Black History Month comes to a close

Students inspired by childhood


Rachel Einhaus

Basketball players (L-R) Jalen Latham, troy Johnson, Ricky Calvin took turns telling their stories at the Inspired By the Dream event.

Maddi Loiselle, Co-Editor-in-Chief

The second to last event for Black History Month centered around students with the Inspired by the Dream event on Feb. 15.

There were eight student speakers the event hosted by the Black Student Association. Each of them described their unique home lives that drive them towards their dreams.

Perla Escatel led the event and described her gratitude to Project Success for their help with being a first-generation college student. Studying to be a health care information provider, she believes in the importance of hard work.

Trevor Finnan spoke second. His mother needs opioid drugs to cope with the intense pain caused by small fiber neuropathy.

“I have a dream that one day my mom and others like her can live happily, pain and opioid free, and that we can one day replace high risk pain killers and opioids with safer alternatives,” he said. He plans on becoming a neurologist to help find the cure.

Growing up on the south side of Chicago, Angel Kizer had to help raise her siblings and, from that, discovered she wanted to work in education with other children.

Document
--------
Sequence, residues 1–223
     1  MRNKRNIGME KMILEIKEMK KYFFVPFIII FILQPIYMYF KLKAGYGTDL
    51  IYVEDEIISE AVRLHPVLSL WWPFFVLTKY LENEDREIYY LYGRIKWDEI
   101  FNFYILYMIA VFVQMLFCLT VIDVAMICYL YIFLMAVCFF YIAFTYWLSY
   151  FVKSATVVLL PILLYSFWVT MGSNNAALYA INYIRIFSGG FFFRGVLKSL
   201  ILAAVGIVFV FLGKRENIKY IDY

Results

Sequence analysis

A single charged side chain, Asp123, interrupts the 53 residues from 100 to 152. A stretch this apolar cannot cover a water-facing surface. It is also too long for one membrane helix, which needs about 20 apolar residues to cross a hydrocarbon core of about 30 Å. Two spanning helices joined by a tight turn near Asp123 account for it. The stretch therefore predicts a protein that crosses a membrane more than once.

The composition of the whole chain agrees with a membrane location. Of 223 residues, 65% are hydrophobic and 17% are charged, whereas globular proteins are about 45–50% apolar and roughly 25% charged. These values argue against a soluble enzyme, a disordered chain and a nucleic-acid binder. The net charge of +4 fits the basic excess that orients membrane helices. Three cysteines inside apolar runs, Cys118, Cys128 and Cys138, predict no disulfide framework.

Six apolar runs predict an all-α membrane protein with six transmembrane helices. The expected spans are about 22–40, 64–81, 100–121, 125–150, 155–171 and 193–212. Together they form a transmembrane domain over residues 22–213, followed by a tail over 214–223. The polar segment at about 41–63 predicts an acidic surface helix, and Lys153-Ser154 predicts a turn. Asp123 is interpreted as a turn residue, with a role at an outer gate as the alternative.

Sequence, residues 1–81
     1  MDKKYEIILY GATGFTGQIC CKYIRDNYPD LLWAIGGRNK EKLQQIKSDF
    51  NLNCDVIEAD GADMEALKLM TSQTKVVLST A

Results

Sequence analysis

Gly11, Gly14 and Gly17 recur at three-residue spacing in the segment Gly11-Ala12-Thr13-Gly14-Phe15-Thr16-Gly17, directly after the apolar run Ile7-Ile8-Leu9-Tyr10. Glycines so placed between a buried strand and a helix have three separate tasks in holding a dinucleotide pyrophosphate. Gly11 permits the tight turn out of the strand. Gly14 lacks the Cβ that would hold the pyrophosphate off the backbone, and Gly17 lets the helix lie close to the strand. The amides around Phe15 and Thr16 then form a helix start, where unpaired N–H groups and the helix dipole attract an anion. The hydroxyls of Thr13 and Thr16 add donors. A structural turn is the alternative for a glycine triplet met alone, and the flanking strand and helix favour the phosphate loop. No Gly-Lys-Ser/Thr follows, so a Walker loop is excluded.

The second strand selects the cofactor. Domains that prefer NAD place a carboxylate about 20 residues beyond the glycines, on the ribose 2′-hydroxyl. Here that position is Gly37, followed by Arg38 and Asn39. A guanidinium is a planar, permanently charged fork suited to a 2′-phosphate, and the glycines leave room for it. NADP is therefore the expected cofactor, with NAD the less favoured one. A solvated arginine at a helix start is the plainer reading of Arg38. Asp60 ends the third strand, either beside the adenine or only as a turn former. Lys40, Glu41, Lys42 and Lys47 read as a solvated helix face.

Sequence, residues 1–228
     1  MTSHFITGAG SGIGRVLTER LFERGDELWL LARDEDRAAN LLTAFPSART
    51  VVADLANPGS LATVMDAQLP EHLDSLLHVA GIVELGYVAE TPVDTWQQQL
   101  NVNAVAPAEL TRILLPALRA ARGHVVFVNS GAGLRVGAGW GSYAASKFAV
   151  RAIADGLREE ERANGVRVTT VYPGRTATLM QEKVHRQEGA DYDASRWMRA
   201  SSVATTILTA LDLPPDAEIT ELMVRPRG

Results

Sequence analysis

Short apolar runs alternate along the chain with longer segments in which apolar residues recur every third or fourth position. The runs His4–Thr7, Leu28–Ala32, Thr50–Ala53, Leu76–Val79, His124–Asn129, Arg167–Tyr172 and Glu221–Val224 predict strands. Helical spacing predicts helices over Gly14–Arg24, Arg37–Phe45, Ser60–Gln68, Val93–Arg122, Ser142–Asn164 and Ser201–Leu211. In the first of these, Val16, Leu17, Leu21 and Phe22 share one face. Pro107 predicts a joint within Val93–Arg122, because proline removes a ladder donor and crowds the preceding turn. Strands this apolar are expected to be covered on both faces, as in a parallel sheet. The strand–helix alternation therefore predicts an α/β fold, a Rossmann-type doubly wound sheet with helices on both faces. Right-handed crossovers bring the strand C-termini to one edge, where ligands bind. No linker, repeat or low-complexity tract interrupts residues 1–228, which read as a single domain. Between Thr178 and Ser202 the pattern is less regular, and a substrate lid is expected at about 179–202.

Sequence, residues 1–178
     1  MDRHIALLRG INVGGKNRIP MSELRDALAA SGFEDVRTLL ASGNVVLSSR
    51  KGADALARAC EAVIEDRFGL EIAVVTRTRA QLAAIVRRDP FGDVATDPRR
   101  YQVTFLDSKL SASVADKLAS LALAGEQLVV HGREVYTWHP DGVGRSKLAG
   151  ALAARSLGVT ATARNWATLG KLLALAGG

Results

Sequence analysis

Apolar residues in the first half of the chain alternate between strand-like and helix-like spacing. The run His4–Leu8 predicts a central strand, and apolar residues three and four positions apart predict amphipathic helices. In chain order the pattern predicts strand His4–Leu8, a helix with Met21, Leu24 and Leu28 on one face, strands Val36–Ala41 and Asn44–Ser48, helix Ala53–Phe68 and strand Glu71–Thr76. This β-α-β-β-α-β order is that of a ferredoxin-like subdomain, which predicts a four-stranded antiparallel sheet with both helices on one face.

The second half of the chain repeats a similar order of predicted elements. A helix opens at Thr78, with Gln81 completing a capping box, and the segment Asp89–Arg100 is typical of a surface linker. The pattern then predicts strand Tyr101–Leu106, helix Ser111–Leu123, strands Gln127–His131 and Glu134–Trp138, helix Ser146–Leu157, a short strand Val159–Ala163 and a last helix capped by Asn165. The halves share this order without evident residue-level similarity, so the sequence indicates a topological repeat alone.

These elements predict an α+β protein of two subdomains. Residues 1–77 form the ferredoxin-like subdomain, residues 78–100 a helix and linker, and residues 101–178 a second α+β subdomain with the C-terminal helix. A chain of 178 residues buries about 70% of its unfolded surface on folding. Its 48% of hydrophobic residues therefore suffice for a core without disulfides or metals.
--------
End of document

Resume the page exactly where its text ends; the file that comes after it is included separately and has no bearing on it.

Three basketball players took turns speaking. President of Black Student Association Yulandist Brown said they spoke together because they’re a team.

Ricky Calvin also grew up in Chicago with his three siblings and, after his oldest brother was killed, he learned that you always need a good support system to help you through life.

Another native of Chicago, Troy Johnson, spoke of his mom who’s suffering from breast cancer. His mom didn’t tell him or his siblings at first, and Johnson remembered nights when his mom would cry and he didn’t know how to help her.

Jalen Latham was raised by a single mother in Pontiac who suffers from lupus. He calls her his inspiration as he studies business administration.

Christina Bass is a returning student at 24 who grew up in one of the roughest schools in Chicago.

Bass’s father was recently diagnosed with Lou Gehrig’s disease and was only given one more week to live. She depends on her faith to help her through.

Colleen Fitzpatrick-Grabow is another returning student whose son with high-functioning autism encouraged her to go back to school.